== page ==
Chicken Chapter Deux: Poulet Rôti sur Canape and Poulet Cocotte Grand Mère

Yet another tricky couple of days with chicken. I thought that roasting chickens whole would be a lot easier to manage than de-boned chicken. I thought very wrong. I’ve been lagging behind everybody else and now even the Chef has taken notice. Why can’t chicken and I just get along? I need to think about where I’m losing precious time.
a. Habillage: I didn’t think I would be particularly slow at dressing (considering my 3-day intensive duck de-gutting experience) but I am. I am finding pulling guts out very tricky. Is it because my hands are small or that they get warm really easily (thereby melting the chicken fat inside and making things much harder to grab hold of)?
b. Bridage: I’m not sure why I find this part tricky. I’ve knitted a couple of scarves, dabbled with embroidery, sown buttons badly, yet stitching up a chicken is daunting. I stand there looking around with my stupid face on, wondering if anyone else knew what they were doing after having done it already two days in a row! I feel like a numpty.
c. Preparing vegetables: I HATE turning potatoes. I would love nothing more than to be super speedy just so that I can get it over and done with, and I’m not sure what’s stopping me. I’ve seen enough gnarly knife cuts in class to put me off from getting too comfortable with my paring knife. Being a big baby when it comes to blood doesn’t boost my confidence either. I really need to grow a thick skin (buahahha gettit gettit?).

I’ve learnt every minute lost doing any step of the recipe multiplies itself exponentially and leads to me sweating buckets while trying to plate in a hurry with Chef calling out, “Who ees last? Ooh lala it’s Shmii? Who ees last? Shmii? Ooh lala.” Poulet à la Sweat is not going to rock the culinary world.

The ubiquitous roast chicken sandwiches on M&S and Boots shelves or served up “fresh” at Subway led me to believe that roast chicken was one of the most dull and dreary things to eat. Dry, bland, chewy, blech, vom. But when stuffed with heaps of thyme and garlic, and roasted slow and easy for forty-five minutes, the chicken looks beautiful in its gleaming golden skin and smells dribble-tastic when cut into. Proper yummy stuff. Both recipes have a jus volaille to go with. Jus is very simply made from using the juices from roasting a chicken to cook the sauce garniture, combined with stock and reduced to a sauce. I prefered the Granny Poulet Cocotte mainly because of the accompanying caramelised onions, pomme cocotte and mushrooms, and it doubled up to make a mean Tamil chicken curry the next day.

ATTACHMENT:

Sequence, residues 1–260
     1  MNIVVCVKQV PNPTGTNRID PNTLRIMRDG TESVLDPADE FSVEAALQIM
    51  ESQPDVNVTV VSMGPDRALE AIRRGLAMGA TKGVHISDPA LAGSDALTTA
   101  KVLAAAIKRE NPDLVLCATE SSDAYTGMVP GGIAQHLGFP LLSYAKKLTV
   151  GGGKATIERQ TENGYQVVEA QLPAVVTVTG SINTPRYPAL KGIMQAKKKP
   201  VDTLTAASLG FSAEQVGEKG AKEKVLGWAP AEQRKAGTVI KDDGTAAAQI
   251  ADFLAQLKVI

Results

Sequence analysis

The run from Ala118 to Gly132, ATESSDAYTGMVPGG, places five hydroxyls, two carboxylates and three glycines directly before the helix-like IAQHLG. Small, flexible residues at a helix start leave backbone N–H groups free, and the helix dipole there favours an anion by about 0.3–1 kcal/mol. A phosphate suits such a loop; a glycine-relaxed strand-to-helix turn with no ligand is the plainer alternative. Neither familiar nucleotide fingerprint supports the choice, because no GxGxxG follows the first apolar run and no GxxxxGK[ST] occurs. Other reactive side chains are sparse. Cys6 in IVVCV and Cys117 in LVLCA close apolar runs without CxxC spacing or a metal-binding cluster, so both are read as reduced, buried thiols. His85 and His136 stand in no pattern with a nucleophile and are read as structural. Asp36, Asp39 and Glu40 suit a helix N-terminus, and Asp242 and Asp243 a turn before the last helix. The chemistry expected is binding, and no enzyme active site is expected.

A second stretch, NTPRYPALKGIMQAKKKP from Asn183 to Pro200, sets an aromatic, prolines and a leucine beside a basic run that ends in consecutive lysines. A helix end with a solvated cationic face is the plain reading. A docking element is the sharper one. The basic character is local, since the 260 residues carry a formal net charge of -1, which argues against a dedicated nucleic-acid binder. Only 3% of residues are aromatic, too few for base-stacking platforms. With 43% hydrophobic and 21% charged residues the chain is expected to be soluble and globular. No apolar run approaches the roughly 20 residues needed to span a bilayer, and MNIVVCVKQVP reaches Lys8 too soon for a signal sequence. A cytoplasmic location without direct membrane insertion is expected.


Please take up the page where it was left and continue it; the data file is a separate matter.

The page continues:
Poulet roti sur canape (I hate livers)

Poulet Cocotte Grand Mere (doesn't it look like the chicken's flipping us the bird? muahaha gettit gettit? I'm all about the puns today)

Munching outdoors in the sun is much more fun

Roast chicken leftovers jazzed up into a Tamil chicken curry (thanks beta!)

Poulet Rôti sur Canape, Pommes Pont Neuf
1 whole chicken, de-gutted and cleaned off glands
Bunch of thyme
8 cloves of garlic, 4 crushed and 4 left whole with skin on
0.5L Chicken stock
1 onion, ciseler (ciseler is too small in my opinion. Hacher or petit mirepoix would be a better option)
1 carrot, petit mirepoix
1 shallot, ciseler
100g lard, brunoise
150g chicken livers, concasse (chopped roughly)
6 medium-sized potatoes, pont neuf cut (5-6cm x 1cm)
Dry white wine
Dash of cognac and porto
1 piece of Pain de Mie (hollowed out for the stuffing)
Couple of knobs of butter
Bunch of watercress, rinsed
Sunflower / peanut oil for roasting and deep-frying
Salt, pepper

1. Season the inside of the bird with salt and pepper. Stuff with thyme and the crushed garlic cloves. Truss the bird by tieing the legs and wings together to make a neat little package, and tucking its tail in. Cover legs with foil to prevent burning. Preheat oven to 200C.
2. Season the bird well on the outside. Heat some oil in a large pan and roast the chicken on its side till it gets nicely coloured to a light gold. Flip over to its other leg’s side and repeat. Make sure the heat isn’t too much at any time to avoid burning (burning will rip the skin and make it ugly). Flip onto the breast side and colour and so the same with the bottom till it’s evenly coloured all over.